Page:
A few weeks ago I sat, at a distance, with my parents for dinner, and I explained the difference between equity and equality to my mom. I did so using the illustration below.
When a Medium article popped up in my inbox and I read about how this visual example is actually white supremacy at work, I felt frustrated. I felt like am I just doing it wrong every time I talk about racism?
I can’t be wrong every time. But perhaps that’s my white fragility talking. My tendency to get offended by being set straight.
I put that reaction aside, read on, and learned that yes, in fact, that ILLUSTRATION IS WHITE SUPREMACY AT WORK!
It’s explained to well that when you’re done, you think, oh. Well, yeah, that’s really obvious now that you explain it. And then I embrace that familiar feeling of needing to readjust what I know. It’s an interesting thing – shifting over and over, but I accept it if it means learning and bettering.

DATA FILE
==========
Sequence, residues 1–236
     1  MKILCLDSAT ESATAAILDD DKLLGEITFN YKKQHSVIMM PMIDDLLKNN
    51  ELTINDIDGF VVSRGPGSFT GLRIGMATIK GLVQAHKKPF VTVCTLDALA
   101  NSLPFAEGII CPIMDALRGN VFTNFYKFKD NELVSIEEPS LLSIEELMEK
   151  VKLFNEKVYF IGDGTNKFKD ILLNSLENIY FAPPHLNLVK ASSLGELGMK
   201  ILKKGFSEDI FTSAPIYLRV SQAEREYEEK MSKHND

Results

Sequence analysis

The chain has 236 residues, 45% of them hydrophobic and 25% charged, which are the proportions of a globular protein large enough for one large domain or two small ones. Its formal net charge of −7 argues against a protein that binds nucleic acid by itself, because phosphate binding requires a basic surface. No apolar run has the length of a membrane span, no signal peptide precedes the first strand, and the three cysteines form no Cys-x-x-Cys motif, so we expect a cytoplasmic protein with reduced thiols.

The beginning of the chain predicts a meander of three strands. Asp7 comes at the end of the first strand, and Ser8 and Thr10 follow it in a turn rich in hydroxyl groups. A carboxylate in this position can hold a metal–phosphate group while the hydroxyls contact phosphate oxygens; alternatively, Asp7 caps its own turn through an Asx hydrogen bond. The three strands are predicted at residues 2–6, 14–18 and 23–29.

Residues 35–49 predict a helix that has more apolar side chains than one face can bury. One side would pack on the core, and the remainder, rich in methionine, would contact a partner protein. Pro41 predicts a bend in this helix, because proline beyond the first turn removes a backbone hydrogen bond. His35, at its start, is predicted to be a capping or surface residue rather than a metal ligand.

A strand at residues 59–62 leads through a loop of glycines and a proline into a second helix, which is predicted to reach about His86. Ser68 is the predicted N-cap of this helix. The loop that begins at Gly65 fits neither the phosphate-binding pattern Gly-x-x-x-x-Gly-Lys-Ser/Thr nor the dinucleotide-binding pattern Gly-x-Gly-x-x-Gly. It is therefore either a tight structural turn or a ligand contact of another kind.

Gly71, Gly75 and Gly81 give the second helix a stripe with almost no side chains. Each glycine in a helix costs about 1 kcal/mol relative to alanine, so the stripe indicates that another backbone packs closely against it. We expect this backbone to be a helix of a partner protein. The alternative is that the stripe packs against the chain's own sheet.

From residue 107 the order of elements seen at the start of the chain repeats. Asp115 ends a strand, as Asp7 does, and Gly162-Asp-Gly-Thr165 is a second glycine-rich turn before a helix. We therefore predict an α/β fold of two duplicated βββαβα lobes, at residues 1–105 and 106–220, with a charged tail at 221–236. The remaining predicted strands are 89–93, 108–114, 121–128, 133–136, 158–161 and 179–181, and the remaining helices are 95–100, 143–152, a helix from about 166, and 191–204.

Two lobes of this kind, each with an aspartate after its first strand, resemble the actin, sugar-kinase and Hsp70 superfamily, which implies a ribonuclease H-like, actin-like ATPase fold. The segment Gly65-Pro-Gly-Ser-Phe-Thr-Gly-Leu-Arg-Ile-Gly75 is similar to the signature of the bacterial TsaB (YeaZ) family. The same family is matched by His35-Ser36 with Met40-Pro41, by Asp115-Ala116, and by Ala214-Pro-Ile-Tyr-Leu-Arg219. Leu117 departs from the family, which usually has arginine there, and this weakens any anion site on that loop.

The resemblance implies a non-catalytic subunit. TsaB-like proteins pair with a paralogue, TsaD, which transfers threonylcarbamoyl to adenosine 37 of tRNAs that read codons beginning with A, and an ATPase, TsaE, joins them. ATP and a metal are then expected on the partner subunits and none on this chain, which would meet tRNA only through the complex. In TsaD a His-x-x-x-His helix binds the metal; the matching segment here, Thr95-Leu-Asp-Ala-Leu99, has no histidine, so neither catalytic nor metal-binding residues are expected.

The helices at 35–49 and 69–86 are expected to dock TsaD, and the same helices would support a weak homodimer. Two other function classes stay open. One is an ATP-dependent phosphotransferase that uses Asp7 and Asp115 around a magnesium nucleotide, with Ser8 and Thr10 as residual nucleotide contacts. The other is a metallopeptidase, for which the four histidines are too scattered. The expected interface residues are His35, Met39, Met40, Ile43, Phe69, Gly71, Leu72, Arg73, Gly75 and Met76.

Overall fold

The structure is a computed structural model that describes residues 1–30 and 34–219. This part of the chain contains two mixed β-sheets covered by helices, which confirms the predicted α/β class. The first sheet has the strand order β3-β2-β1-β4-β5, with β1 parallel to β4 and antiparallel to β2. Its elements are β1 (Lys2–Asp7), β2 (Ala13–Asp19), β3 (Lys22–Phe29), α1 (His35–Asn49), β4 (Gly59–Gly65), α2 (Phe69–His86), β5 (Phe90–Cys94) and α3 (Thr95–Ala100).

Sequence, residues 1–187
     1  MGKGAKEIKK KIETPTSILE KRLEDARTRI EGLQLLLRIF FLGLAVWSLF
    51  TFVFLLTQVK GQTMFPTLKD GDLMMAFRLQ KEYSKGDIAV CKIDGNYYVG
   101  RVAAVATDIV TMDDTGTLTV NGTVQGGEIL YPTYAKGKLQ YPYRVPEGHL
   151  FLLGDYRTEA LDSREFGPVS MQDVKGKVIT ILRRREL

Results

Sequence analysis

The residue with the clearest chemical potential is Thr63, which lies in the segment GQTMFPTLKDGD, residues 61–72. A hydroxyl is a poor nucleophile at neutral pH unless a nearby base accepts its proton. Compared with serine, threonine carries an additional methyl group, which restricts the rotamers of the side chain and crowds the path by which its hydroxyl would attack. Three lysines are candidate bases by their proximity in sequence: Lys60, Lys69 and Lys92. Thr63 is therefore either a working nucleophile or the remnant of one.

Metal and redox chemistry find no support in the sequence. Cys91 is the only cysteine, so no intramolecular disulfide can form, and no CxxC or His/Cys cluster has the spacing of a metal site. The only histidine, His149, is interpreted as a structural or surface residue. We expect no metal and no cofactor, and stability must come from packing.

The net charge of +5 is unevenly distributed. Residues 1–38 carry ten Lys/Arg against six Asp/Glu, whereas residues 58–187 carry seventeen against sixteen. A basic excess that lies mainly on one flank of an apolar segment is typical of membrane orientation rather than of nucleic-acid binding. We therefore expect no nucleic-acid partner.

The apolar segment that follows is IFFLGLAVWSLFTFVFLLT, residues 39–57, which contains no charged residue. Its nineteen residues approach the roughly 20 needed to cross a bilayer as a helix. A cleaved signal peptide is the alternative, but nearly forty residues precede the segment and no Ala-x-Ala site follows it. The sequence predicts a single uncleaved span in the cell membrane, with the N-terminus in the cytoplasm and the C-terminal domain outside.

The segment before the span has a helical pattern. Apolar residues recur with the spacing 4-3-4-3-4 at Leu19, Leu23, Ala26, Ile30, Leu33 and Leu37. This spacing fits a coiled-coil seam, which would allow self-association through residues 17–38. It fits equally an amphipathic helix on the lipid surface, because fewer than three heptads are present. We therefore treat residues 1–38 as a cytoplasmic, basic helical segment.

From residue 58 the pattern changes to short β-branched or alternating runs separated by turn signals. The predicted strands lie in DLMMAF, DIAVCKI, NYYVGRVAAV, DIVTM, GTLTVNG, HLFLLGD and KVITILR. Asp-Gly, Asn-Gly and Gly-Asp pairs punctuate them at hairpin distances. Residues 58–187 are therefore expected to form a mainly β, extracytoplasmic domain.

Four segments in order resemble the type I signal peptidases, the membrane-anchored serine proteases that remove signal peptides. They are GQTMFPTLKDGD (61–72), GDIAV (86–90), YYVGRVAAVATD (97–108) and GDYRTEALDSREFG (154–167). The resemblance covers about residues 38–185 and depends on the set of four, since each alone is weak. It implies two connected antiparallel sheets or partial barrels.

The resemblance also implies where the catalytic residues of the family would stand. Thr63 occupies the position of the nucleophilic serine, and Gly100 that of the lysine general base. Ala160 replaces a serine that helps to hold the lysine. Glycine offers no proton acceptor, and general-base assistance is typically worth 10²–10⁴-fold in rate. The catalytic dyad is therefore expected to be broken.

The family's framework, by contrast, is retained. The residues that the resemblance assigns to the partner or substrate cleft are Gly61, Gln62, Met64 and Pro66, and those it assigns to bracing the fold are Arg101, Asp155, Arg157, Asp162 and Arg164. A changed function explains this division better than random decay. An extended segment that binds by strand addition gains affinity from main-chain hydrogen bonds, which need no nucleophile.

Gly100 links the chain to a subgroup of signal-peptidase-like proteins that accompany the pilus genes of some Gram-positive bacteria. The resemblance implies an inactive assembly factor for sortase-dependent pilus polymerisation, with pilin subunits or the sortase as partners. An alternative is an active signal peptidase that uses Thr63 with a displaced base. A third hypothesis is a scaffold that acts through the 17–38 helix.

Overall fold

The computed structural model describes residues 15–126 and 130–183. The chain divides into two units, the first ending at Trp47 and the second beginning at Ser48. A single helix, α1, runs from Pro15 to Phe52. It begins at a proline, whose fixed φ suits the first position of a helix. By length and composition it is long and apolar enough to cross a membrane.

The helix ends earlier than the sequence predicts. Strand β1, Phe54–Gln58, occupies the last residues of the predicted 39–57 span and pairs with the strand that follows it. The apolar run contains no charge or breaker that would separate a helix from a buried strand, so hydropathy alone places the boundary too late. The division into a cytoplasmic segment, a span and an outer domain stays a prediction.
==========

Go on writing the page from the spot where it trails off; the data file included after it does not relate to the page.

2 Replies to “Equity”
The article gave me a lot of food for thought. The sloping ground handicaps otherwise equal folks. I myself have intuitively felt this way and seen over my many years in business how such institutional concepts as “good old boy networks”, “exclusive” club memberships, the “old school tie,”unequal pay for equal work“, stereotypical thinking, “not the right fit”, lack of mentoring, etc. etc. have worked to disadvantage many otherwise qualified people.
For a good read on how the government was complicit in fostering segregation in urban areas, I highly recommend “The Color of Law” by Richard Rothstein.
Thank you, for sharing Franklin. Yes! The Color of Law is on my list. I tried to listen to it a while back but have learned that when it comes to books about racism, I cannot listen. It just doesn’t absorb in my mind in an effective way. So I’ll get it in print. Once I’m done with “Me and White Supremacy”…and then “The New Jim Crow”…and then White Fragility which I haven’t actually gotten to either (because I tried in audio form)